Gaelic word of the Week blog – Mun Cuairt mun cuairt! #gaidhlig

Each week we record our Gaelic Word of the Week podcast and post the text here with added facts, figures and photos for Gaelic learners who want to learn a little about the language and about the Scottish Parliament – Pàrlamaid na h-Alba.

This week our word is – Mun cuairt mun cuairt!

If you are a Gaelic speaker, one of the first things people ask is often “what does mun cuairt, mun cuairt mean?”

This expression even made its way into the Scottish Parliament – Pàrlamaid na h-Alba recently!

In a Members’ Business Debate led by Murdo Fraser MSP on the Royal National Mòd – Am Mòd Nàiseanta Rìoghail – Scotland’s largest Gaelic event, Clare Baker MSP mentioned that she had learnt the expression from TV.

Clare Baker MSP, speaking in the debate on the Royal National Mòd

So where does this mysterious expression come from and why do so many people know it?

As Clare Baker pointed out, it comes from the introduction to the Gaelic children’s television programme Dòtaman which starts with the words “Mun cuairt mun cuairt a dhòtamain bhig, mun cuairt mun cuairt, saoil de thig?”. This means “around and around wee spinning top, around and around, I wonder what will come?”.

“Dòtaman” means “spinning top” and “mun cuairt” means “around”.

Dòtaman ran from 1985 to 2000  and was a staple show for young Gaelic speakers. But because it aired on BBC 2, it was also seen by many non-Gaelic speakers and became a cult TV favourite..

The show’s presenter Donnie MacLeòd – Donnie Dòtaman – is famous for singing songs and for wearing amazing hats relating to subjects he was singing about – ranging from a koala bear to castles and a seagull and much more.

We wonder if Dòtaman was still running if Donnie Dotaman would consider making a hat of the Scottish Parliament building?

The word cuairt  is useful to know on its own. It means a cycle, circuit or rotation. It can also be translated as a wee walk or trip.

If you want to read all that was said in the debate about the National Mòd in Perth, read the Official Report.

Left: Murdo Fraser MSP, who introduced the motion; right: Emma Roddick MSP who delivered her first ever speech in Gaelic at the debate.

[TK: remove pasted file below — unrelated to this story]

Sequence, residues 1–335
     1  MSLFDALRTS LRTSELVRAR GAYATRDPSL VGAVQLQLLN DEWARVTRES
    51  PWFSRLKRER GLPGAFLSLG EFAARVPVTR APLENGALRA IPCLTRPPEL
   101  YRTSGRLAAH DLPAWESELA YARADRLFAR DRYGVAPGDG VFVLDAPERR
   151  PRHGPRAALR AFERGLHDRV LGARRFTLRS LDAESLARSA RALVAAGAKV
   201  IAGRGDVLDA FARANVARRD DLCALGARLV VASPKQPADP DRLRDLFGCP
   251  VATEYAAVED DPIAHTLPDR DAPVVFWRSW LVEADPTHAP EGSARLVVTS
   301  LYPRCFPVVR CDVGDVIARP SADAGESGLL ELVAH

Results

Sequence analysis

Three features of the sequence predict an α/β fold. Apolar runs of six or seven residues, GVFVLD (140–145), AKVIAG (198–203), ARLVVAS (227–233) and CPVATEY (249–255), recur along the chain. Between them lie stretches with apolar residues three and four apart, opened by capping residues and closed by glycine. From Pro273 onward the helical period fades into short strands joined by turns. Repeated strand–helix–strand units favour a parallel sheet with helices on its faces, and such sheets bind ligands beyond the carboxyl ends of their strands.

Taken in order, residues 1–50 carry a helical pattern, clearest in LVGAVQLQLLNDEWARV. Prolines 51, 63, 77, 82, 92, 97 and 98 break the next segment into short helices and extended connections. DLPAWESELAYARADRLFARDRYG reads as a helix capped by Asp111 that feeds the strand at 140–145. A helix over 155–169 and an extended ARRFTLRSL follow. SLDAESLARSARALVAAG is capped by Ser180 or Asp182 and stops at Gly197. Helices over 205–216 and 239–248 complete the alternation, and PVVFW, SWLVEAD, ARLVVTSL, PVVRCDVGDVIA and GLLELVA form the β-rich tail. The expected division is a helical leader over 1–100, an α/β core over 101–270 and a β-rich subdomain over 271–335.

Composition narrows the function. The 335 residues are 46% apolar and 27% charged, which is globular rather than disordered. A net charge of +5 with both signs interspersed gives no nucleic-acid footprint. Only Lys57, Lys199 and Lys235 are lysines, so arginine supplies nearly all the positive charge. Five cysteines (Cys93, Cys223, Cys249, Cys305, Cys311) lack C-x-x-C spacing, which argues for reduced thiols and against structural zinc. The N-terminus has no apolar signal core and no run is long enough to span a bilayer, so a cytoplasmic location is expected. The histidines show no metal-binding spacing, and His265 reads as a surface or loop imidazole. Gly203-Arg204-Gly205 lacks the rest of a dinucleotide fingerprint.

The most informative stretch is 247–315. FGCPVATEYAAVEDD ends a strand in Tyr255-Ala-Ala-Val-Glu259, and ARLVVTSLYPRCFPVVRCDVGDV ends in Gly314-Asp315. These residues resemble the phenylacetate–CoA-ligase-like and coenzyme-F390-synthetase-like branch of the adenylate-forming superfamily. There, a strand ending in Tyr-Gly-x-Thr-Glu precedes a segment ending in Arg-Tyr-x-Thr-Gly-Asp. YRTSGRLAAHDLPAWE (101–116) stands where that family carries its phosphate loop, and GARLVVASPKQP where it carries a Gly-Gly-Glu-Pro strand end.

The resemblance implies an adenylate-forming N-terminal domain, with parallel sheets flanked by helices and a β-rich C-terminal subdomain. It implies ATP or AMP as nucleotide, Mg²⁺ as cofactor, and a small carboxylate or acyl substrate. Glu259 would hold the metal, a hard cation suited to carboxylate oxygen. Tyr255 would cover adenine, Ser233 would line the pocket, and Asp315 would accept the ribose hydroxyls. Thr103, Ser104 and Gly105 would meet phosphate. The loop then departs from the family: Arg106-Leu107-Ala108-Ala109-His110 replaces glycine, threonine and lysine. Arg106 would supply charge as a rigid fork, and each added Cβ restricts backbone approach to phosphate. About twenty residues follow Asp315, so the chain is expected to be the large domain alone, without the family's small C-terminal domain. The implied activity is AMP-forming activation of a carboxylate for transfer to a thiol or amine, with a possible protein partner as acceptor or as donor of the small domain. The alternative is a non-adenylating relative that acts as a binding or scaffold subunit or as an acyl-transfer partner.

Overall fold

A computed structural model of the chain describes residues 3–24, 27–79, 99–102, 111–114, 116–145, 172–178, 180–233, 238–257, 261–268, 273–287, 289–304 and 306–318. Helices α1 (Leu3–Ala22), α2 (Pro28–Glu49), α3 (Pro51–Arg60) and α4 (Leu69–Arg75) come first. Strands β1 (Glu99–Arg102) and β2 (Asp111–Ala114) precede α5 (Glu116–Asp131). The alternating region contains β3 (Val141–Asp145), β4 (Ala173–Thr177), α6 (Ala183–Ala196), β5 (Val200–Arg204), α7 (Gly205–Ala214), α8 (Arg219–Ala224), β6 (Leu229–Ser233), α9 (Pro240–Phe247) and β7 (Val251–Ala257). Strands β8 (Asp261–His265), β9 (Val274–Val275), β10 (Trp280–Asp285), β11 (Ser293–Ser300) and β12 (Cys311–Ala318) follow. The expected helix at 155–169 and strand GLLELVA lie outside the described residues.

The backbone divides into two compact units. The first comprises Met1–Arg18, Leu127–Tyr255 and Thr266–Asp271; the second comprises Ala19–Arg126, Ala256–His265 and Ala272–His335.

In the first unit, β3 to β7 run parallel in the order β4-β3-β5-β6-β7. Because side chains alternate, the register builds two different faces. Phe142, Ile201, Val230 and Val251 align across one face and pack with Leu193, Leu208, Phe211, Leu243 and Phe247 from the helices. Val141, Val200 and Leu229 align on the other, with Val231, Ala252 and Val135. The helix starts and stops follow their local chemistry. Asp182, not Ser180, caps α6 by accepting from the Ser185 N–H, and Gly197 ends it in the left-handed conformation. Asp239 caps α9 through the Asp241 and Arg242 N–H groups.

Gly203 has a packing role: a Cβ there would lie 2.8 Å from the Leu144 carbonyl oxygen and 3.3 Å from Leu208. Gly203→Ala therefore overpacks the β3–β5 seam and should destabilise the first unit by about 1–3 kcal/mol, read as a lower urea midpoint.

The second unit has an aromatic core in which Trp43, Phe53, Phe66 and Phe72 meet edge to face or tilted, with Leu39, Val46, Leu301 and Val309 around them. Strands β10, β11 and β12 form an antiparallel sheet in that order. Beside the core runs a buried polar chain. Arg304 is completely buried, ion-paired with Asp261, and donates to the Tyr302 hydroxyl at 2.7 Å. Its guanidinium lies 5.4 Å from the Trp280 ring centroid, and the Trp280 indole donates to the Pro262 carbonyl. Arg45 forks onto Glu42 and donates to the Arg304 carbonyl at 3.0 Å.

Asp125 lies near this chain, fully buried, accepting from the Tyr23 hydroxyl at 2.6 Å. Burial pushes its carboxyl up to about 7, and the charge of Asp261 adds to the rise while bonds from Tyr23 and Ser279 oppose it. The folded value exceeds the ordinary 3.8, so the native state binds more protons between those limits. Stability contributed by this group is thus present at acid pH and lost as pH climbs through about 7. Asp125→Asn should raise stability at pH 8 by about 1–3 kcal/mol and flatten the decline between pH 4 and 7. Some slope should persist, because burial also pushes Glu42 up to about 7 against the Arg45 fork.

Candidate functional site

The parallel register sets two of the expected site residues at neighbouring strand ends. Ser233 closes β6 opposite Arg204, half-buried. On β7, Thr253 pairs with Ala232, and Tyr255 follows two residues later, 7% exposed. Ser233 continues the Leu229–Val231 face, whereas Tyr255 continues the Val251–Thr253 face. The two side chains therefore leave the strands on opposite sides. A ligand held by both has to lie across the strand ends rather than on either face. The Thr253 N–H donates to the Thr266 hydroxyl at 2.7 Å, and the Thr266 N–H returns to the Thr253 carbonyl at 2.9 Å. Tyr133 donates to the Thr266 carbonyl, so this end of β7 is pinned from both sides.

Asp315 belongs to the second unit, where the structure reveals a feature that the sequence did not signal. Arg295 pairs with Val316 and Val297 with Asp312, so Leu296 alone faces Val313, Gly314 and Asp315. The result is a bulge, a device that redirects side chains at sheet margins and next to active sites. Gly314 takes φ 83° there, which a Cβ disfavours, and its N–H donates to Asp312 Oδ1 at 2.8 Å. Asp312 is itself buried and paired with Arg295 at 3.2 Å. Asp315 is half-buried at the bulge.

This week’s Gaelic Word of the Week has been written and read by Alasdair MacCaluim, Gaelic Development Officer who has spent many happy hours watching Gaelic children’s programmes, Murdaidh being his all time favourite!

Murdaidh is a chàirdean!

Alasdair MacCaluim

Gaelic Word of the Week – North East Fife – Fìobh an Ear Thuath

Each week publish our Gaelic Word of the Week podcast which you can listen to at the link above. Here on the blog we add some extra facts, figures and photos for Gaelic learners who want to learn a little about the language and about the Scottish Parliament – Pàrlamaid na h-Alba. This week we continue looking at the Parliamentary constituencies and regions, this week with North East Fife – Fìobh an Ear Thuath.

This week we’re going back to Fife – Fìobha, often known as the Kingdom of Fife – Rìoghachd Fhìobha.

The word rìoghachd is often used in Gaelic to mean “country” as well as kingdom and you will often hear native Gaelic speakers say “an rìoghachd” as well as “an dùthaich” to mean “the country”.

This week’s constituency is North East Fife – Fìobh an Ear Thuath.
The biggest town in the sgìre – constituency is St Andrews. In Gaelic, the name of the town isn’t related to St Andrew at all – it is Cill Rìmhinn. This means church of Rìmhinn. In fact, the original English name of the town, Kilrymont, was an anglicisation of this. The name changed after the relics of St Andrew – Naomh Anndras, were supposedly brought to the town and it gained the name we know and love today. In Gaelic, though, it is still Cill Rìmhinn!

View of St Andrews – Cill Rìmhinn, from top of St Rule’s tower

Also in the constituency, but famous for its fine name rather than for golf or an ancient university is Auchtermuchty. This means “Upland of the place of pigs”. The Auchter part – uachdar – meaning uplands or upper part can also be seen in placenames like Auchterarder. And uachdar can also mean cream in Gaelic, called this because it is what you find at the top of the milk.